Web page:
Court Nullifies IEBC Ballot Paper Tender
Late last year, the Coalition for Reforms and Democracy (CORD) filed a petition at the High Court to challenge the Independent Electoral and Boundaries Commission’s (IEBC) decision to award a contract for printing ballot papers to Dubai based Al Ghurair Printing and Publishing Company.
After the disputed 2007 general elections, an Independent Review Commission on the General Elections was established under the stewardship of Judge Kreigler. According to CORD’s submission to the Court, the Kriegler Commission found fault with every aspect of Kenya’s electoral system and process. This included the registers, registration of voters, voting, counting of votes and the transmission and tallying of results. Overall, the Krieglar Commission’s report recommended the use of technology in our elections.
Since then, the debate and campaigns for electoral reforms led to a Joint Parliamentary Committee report that was approved by both Houses of Parliament and was made into law through the Election Laws (Amendment) 2016 Act. This new law restricted the manual processes and components of Kenya’s electoral system.
CORD argued that the amended electoral law required a register of voters that would capture the biometric data of a voter. This was to include unique identifiers and attributes such as fingerprints, hand and earlobe geometry, retina and iris patterns, voice waves and signatures. According to CORD, in contrast, the forms ordered, may not have had synergy and conference with the integrated electronic system as required by law.
Justice George Odunga in his verdict held that the tender, which was awarded to Al Ghurair Printing and Publishing Company, had failed to comply with the amended Election laws 2016 and the integrated electronic electoral system as established by law. Consequently, he directed the IEBC to re-start the tendering process again in accordance with the law regulating the supply and delivery of ballot papers for election, election results, creation forms and poll registers. In quashing the tender process, he stated that IEBC ought to have taken into account the current legislative framework.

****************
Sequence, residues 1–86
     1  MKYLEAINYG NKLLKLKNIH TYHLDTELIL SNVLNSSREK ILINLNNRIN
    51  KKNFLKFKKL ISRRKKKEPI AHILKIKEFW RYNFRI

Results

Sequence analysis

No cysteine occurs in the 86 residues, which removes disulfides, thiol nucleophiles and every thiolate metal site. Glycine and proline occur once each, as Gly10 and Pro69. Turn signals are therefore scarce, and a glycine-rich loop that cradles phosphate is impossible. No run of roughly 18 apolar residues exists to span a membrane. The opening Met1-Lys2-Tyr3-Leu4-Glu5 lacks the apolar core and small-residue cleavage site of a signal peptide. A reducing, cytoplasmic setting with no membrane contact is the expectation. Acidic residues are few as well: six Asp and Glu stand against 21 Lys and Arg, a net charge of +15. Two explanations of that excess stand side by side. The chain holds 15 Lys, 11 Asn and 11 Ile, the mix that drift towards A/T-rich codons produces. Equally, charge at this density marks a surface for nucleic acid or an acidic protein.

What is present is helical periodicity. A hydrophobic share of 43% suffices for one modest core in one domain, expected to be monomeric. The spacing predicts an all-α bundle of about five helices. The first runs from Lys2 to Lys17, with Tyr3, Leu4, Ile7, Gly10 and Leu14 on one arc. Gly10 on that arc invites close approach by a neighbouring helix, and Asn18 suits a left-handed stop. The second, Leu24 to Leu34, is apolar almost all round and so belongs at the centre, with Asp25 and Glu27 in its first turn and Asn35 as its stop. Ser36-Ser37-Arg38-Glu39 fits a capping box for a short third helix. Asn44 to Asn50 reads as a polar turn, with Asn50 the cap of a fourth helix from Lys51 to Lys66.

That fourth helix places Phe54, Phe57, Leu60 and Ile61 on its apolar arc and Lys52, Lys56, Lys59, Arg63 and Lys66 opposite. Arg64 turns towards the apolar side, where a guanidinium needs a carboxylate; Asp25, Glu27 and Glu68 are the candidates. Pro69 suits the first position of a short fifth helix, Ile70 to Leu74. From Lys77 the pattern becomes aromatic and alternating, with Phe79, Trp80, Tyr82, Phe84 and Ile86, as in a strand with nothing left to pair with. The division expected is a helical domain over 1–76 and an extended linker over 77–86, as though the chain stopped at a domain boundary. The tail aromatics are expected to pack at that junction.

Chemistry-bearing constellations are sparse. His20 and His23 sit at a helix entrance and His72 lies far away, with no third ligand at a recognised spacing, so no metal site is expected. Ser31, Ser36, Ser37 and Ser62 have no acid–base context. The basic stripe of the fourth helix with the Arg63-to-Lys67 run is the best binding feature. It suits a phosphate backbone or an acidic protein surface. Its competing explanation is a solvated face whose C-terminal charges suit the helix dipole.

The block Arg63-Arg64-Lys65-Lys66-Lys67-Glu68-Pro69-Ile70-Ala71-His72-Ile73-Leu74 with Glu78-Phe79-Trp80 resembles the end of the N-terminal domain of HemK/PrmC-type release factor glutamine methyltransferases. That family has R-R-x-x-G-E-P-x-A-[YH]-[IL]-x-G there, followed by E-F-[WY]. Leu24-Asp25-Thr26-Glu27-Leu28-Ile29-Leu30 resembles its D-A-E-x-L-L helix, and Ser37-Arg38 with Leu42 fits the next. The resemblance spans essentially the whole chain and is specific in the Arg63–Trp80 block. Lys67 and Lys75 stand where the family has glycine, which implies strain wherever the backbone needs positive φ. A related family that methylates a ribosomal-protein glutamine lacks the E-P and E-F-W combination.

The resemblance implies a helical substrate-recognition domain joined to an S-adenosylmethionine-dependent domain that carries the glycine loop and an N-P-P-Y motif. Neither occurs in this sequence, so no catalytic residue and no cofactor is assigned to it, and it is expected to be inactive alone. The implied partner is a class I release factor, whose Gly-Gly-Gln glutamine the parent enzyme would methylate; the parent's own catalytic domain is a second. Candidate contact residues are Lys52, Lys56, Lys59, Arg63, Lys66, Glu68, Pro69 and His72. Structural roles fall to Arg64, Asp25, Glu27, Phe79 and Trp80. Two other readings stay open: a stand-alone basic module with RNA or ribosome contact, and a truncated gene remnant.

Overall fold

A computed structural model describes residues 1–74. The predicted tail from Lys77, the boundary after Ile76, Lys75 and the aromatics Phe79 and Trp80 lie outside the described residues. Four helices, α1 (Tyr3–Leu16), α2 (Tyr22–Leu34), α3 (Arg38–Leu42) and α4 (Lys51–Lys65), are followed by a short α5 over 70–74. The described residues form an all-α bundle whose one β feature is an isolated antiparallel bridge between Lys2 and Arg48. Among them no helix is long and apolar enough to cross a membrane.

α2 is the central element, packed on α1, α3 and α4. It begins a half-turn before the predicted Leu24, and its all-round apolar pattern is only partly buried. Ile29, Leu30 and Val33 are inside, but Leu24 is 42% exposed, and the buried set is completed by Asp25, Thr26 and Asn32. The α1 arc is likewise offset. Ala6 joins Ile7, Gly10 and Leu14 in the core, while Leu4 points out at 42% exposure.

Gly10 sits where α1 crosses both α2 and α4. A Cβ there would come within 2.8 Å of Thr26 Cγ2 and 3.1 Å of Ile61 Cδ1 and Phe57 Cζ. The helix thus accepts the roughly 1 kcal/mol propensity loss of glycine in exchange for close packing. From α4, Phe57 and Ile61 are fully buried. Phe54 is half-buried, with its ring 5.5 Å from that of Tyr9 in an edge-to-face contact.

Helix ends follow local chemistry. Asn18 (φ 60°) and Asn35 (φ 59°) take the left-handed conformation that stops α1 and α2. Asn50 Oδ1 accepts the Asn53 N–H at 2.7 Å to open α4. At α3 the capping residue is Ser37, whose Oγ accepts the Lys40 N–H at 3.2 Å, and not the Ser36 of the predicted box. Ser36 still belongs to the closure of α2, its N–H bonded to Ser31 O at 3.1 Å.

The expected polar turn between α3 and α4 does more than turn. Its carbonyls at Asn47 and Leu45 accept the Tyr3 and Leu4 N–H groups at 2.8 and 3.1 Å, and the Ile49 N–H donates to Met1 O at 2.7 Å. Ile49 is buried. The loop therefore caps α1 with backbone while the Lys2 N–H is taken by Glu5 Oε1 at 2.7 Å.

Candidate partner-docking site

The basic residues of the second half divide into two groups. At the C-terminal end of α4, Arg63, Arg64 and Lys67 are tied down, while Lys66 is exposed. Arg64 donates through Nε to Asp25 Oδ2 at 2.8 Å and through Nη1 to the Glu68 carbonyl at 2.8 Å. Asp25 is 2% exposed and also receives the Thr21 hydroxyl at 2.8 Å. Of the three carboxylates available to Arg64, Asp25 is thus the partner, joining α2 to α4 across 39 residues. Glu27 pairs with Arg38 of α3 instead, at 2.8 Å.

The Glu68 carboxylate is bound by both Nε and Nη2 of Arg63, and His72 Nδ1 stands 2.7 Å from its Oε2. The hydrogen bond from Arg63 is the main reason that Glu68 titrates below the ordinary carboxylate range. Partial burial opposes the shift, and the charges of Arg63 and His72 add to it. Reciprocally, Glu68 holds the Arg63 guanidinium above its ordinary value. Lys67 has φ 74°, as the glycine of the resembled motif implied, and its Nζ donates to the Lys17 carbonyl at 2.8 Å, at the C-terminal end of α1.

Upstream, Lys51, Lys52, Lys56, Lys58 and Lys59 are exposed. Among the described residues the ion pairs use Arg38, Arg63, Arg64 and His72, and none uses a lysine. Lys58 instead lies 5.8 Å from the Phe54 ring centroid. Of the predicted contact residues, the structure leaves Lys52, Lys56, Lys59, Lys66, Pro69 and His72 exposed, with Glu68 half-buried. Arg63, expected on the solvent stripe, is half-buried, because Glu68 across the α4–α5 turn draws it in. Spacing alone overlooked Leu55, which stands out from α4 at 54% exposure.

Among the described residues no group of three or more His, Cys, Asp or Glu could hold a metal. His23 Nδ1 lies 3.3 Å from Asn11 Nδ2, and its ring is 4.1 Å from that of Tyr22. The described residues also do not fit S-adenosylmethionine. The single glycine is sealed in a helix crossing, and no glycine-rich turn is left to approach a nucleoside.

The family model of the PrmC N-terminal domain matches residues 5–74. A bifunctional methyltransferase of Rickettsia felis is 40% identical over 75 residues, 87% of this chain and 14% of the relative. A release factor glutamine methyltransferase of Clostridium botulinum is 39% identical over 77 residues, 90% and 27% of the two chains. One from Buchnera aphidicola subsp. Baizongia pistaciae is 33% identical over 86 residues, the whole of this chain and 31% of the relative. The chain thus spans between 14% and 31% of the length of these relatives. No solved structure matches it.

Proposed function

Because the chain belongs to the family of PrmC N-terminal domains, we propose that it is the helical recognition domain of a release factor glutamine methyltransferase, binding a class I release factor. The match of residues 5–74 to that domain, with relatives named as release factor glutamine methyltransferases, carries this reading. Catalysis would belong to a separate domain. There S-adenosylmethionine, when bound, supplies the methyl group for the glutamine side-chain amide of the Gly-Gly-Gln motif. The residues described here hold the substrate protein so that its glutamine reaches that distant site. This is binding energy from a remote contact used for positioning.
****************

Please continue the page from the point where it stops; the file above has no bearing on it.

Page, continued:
Justice Odunga further ruled that that the court would not authorize an illegal process and that the fact that the public stood to lose funds already paid as commitment fees was not enough to allow the contract to proceed. He further pointed out that IEBC was not properly constituted at the time it awarded the contract on November 30, given that an amendment to electoral laws had already come into force. It was the Court’s finding that there existed a vacancy for commissioners including the chairman by the time the contract was signed. Consequently, the court ruled that an empty office cannot make decisions since they ceased to be commissioners on October 14th last year when the new laws came into being.
The IEBC has warned that it is racing against time in its preparations for the August 8th elections. The Commission contends that while it is obligated to procure and put in place the technology necessary to conduct the general elections, numerous court challenges will impede it from carrying out its constitutional mandate. It argued that the Court owes Kenyans a duty to ensure that unnecessary obstacles are not allowed to prevent the IEBC from preparing for and carrying out the General Elections. However, the commission assures Kenyans that it will do everything possible to ensure that credible elections are held.